Prevalence of type 2 diabetes (T2D) and obesity is increasing worldwide. Currently available therapies are not suited for all patients in the heterogeneous obese/T2D population, hence the need for novel treatments. Fibroblast growth factor 21 (FGF21) is considered a promising therapeutic agent for T2D/obesity. Native FGF21 has, however, poor pharmacokinetic properties, making gene therapy an attractive strategy to achieve sustained circulating levels of this protein. Here, adeno-associated viral vectors (AAV) were used to genetically engineer liver, adipose tissue, or skeletal muscle to secrete FGF21. Treatment of animals under long-term high-fat diet feeding or of ob/ob mice resulted in marked reductions in body weight, adipose tissue hypertrophy and inflammation, hepatic steatosis, inflammation and fibrosis, and insulin resistance for > 1 year. This therapeutic effect was achieved in the absence of side effects despite continuously elevated serum FGF21. Furthermore, FGF21 overproduction in healthy animals fed a standard diet prevented the increase in weight and insulin resistance associated with aging. Our study underscores the potential of FGF21 gene therapy to treat obesity, insulin resistance, and T2D.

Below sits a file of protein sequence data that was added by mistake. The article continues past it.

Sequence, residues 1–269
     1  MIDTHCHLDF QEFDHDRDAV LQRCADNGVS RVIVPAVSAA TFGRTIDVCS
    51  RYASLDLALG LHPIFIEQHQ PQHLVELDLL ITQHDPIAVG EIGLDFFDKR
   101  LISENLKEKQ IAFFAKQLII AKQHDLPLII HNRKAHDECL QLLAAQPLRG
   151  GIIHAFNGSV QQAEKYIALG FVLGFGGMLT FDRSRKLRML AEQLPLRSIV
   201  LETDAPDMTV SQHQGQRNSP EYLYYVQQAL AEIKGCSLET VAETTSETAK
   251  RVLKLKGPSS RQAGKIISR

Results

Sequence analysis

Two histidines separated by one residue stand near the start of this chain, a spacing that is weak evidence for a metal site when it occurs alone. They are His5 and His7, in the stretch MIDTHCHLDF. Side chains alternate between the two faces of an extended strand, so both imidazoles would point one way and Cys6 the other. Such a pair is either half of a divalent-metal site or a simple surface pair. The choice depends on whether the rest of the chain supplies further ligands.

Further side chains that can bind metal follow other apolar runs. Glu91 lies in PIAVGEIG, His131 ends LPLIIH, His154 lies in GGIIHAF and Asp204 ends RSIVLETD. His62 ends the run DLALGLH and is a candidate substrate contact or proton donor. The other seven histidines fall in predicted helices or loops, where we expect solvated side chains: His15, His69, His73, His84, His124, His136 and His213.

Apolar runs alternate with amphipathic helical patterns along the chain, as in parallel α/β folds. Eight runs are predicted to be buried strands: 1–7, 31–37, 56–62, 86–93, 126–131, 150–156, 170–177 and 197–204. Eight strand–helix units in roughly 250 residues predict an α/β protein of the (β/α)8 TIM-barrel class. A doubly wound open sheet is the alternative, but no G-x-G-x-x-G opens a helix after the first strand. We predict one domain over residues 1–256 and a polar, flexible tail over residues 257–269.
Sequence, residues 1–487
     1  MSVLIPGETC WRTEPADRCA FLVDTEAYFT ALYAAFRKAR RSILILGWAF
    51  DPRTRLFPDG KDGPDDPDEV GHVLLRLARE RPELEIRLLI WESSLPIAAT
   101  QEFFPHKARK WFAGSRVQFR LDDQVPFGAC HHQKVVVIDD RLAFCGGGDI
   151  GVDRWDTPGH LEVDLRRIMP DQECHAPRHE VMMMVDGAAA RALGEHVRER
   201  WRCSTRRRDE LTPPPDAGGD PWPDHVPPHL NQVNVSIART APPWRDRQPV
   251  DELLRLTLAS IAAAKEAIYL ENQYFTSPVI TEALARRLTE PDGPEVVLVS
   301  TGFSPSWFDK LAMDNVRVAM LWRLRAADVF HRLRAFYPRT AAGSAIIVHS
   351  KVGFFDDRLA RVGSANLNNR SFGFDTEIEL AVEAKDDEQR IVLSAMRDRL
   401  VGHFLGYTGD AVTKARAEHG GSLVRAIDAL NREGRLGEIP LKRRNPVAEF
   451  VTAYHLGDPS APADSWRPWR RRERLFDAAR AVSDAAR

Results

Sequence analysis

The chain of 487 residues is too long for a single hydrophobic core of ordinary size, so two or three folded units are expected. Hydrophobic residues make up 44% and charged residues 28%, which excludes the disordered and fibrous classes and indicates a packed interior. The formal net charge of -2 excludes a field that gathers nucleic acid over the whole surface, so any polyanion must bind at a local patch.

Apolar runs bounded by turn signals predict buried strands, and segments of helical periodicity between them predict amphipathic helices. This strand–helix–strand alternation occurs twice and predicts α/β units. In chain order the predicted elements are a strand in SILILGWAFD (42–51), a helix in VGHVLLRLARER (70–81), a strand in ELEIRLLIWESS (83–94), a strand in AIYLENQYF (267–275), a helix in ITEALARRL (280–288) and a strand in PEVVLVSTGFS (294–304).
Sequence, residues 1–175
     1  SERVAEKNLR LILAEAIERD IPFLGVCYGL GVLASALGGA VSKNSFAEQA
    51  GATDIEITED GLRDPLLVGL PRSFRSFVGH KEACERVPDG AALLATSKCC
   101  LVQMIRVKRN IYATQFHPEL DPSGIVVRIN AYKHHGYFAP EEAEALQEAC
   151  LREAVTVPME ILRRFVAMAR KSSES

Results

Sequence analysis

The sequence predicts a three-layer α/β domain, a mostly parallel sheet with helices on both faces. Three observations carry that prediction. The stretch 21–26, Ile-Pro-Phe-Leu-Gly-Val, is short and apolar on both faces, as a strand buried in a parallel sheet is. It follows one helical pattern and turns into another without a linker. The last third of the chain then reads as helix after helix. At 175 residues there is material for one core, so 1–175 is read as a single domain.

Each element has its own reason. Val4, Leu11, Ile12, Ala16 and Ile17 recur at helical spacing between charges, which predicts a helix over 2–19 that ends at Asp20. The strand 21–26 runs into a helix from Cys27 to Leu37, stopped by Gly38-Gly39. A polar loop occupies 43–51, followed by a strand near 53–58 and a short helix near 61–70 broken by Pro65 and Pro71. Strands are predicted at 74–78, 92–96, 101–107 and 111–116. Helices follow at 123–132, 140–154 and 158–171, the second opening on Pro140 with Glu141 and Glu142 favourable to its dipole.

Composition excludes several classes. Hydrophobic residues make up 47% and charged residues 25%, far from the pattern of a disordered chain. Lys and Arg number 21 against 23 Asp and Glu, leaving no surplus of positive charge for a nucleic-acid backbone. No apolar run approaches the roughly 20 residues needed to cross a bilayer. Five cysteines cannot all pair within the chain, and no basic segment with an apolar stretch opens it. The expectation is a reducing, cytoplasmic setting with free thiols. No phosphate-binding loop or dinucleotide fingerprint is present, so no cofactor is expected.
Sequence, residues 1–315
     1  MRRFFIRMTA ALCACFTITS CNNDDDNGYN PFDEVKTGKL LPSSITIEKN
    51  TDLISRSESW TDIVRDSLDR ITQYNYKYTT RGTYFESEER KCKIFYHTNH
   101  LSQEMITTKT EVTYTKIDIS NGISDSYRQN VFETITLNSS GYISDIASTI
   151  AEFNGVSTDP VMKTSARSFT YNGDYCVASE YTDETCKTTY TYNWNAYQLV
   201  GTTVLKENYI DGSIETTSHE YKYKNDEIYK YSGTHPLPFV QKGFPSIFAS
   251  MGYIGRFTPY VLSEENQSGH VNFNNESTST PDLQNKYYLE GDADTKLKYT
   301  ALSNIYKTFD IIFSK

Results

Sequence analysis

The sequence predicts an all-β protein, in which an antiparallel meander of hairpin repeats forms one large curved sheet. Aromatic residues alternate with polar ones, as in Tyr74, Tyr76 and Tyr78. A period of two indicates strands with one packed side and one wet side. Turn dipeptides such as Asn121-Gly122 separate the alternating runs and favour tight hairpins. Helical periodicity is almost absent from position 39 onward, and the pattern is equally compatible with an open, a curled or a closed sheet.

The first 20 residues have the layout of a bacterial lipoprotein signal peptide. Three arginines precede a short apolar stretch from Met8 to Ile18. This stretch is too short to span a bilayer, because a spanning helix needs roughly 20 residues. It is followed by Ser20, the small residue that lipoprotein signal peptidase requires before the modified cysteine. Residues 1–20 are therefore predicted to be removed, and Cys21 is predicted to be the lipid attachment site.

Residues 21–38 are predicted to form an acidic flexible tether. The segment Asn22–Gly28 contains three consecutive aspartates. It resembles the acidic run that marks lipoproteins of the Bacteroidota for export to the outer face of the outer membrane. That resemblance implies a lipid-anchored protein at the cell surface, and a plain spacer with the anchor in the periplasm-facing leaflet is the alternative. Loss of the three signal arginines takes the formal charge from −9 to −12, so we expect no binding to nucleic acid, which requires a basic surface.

Keywords: AAV gene therapy; FGF21; insulin resistance; obesity; type 2 diabetes.
© 2018 The Authors. Published under the terms of the CC BY 4.0 license.